Donald Trump

Barr's Summary on Mueller Report Highlights Russian Interference in 2016 Election

Barr wrote that Mueller's report did not find enough evidence to raise an obstruction-of-justice claim against President Trump

The role of Russia's interference in the 2016 presidential election was one of the key takeaways of Attorney General William Barr's summary report on the special counsel's investigation into election meddling and possible contact with President Donald Trump's campaign, American University historian Allan Lichtman said.

Barr on Sunday wrote to Congress to summarize special counsel Robert Mueller's report, saying that Mueller "did not find that the Trump campaign, or anyone associated with it, conspired or coordinated with the Russian government."

Lichtman, a history professor at the D.C.-based university and author of the book "The Case for Impeachment" told News4 that Barr's letter to Congress on Sunday confirms that the Russian government attempted to influence and sway the result of the 2016 presidential election in favor of Trump against former Secretary of State Hillary Clinton.

"The biggest surprise to me was how little this summary dealt with a critical finding of the Mueller investigation, that is, that the Russians interfered in our election in an extensive way, in a partisan way to help elect Donald Trump," Lichtman said.

Barr wrote that Mueller's report, delivered on Friday, was divided into examining the extent of Russia's interference in the 2016 election, including potential contacts with Trump's campaign team, and into possible obstruction of justice by the president.

"The report outlines the Russian effort to influence the election and documents crimes committed by persons associated with the Russian government in connection with those efforts," Barr wrote.

Read the full summary report here.

Barr also specified two efforts by Russia to influence the election, including the use of a Russian organization called the Internet Research Agency to "conduct disinformation and social media operations" in the United States to "sow social discord, eventually with the aim of interfering with the election."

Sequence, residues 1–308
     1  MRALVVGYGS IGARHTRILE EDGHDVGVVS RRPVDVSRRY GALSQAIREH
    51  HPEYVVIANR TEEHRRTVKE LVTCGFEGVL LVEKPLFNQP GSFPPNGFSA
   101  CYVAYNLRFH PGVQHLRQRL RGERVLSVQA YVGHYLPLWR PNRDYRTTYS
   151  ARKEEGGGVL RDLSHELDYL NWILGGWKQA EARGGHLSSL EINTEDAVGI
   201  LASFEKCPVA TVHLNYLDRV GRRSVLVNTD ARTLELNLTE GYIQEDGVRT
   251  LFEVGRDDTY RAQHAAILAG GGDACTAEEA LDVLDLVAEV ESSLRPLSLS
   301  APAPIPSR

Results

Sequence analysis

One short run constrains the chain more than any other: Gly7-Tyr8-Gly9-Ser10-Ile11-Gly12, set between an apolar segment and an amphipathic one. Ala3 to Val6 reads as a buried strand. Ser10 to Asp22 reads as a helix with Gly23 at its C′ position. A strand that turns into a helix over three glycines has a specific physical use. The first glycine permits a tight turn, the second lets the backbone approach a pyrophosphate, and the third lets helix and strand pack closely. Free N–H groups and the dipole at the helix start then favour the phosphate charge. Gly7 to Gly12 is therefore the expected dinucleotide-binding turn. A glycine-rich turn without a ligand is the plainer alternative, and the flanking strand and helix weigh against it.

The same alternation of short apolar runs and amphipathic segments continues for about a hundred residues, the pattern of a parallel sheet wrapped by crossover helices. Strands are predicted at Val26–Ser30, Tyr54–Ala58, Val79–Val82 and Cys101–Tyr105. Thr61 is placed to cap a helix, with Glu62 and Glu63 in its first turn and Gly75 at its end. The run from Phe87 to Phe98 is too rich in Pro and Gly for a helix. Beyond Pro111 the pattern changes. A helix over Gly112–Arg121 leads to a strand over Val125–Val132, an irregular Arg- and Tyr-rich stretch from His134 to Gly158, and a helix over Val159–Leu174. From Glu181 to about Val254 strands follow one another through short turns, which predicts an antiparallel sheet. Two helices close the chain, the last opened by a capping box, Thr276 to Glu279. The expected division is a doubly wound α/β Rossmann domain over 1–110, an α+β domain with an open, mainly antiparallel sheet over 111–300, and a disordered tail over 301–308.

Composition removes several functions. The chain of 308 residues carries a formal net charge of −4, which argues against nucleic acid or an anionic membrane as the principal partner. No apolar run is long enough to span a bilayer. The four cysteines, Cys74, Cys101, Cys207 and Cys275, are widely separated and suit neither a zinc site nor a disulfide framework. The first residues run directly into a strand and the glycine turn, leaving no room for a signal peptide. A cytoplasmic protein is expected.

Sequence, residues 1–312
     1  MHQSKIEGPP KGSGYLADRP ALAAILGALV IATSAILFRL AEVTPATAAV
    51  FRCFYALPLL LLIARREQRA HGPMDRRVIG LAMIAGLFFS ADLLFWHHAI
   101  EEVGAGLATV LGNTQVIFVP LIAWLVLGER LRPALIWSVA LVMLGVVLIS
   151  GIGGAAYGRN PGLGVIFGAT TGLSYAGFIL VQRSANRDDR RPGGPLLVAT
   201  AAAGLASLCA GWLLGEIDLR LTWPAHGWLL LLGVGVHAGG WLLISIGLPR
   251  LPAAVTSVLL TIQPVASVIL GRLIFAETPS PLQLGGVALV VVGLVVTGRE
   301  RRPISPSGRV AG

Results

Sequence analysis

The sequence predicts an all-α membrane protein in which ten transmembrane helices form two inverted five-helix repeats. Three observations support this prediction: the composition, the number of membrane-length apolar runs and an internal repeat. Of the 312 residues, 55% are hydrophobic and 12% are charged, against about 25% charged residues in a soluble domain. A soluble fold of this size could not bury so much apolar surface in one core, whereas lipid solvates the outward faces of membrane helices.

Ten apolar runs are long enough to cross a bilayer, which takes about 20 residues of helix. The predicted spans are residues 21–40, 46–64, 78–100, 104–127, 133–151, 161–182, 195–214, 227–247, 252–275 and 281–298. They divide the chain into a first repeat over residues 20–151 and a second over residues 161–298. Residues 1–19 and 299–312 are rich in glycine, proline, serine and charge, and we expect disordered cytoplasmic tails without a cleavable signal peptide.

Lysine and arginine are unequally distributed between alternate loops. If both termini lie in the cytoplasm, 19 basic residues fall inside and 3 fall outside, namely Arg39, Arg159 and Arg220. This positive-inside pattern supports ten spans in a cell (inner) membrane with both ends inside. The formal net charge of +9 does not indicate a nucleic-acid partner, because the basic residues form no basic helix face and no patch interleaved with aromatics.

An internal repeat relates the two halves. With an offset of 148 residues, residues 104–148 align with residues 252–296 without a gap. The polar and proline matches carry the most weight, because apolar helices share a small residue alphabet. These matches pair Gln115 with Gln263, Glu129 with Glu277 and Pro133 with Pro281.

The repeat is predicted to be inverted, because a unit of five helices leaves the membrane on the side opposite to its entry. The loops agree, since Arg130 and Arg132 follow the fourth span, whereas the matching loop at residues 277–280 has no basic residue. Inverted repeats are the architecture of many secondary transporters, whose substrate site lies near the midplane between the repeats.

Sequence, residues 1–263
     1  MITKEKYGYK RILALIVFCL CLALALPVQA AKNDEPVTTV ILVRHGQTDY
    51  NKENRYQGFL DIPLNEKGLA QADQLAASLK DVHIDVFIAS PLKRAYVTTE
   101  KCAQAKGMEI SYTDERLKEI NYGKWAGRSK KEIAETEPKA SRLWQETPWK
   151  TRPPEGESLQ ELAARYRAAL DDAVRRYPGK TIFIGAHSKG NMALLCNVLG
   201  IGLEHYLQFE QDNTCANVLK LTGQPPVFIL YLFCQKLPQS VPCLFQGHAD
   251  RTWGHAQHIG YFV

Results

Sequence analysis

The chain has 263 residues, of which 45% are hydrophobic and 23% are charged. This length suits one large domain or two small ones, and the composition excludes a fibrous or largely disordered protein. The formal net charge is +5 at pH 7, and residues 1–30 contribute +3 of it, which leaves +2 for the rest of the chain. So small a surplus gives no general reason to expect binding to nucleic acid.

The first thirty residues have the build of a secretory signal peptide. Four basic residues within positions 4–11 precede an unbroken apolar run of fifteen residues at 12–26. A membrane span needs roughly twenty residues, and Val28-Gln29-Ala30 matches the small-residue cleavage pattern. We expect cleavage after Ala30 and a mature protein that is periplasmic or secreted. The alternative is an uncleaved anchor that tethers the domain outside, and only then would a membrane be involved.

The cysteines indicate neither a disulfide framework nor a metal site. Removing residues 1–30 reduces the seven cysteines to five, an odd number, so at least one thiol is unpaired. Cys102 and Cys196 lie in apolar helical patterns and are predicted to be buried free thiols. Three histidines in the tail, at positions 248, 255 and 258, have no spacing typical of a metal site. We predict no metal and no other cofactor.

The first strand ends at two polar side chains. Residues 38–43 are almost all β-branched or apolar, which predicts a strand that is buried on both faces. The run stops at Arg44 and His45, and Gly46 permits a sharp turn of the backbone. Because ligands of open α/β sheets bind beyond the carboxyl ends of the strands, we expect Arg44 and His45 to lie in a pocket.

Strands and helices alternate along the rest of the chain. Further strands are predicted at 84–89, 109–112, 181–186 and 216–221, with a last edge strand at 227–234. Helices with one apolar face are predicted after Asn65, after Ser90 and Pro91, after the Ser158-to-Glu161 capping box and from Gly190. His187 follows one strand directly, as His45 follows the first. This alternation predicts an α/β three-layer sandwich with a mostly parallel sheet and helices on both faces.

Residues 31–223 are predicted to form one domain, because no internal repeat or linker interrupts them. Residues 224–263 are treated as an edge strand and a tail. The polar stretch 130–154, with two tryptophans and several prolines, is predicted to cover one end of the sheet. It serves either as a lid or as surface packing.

Bar added that the second effort by Russia involved using computer hackers to gather and disseminate emails obtained from Clinton campaign members and the Democratic Party. This information was later shared through third parties, including Wikileaks.

Lichtman said this conclusion demands policy changes from the federal government.

"That is so important because it's forward looking. We now need to hear from the president exactly what he is going to do to prevent similar interference in the 2020 election," Lichtman said.

He also emphasized a few caveats about interpreting Barr's findings, warning that Barr has previously shown some bias in how he would handle Mueller's probe.

"This probe is so different from others because all we're getting is a summary," Lichtman said. "I am an historian and I look at primary sources and I know what is actually in primary sources, in this case the actual Mueller report, is often fundamentally different from what you get in a summary or a synopsis, particularly from a self-interested party like Attorney General William Barr.

And Lichtman said that Trump will benefit from this conclusion, as well as Barr's assessment that Trump did not obstruct justice during the investigation.

"On 2020, it is obviously a boon to the president," Lichtman said. "This is not the defining element of his presidency. You can't say the defining element of a presidency is 'Gee, we found he didn't conspire with a foreign power to undermine our democracy, but we're not sure about whether he obstructed justice or not. That is not the way any president would want to be remembered."

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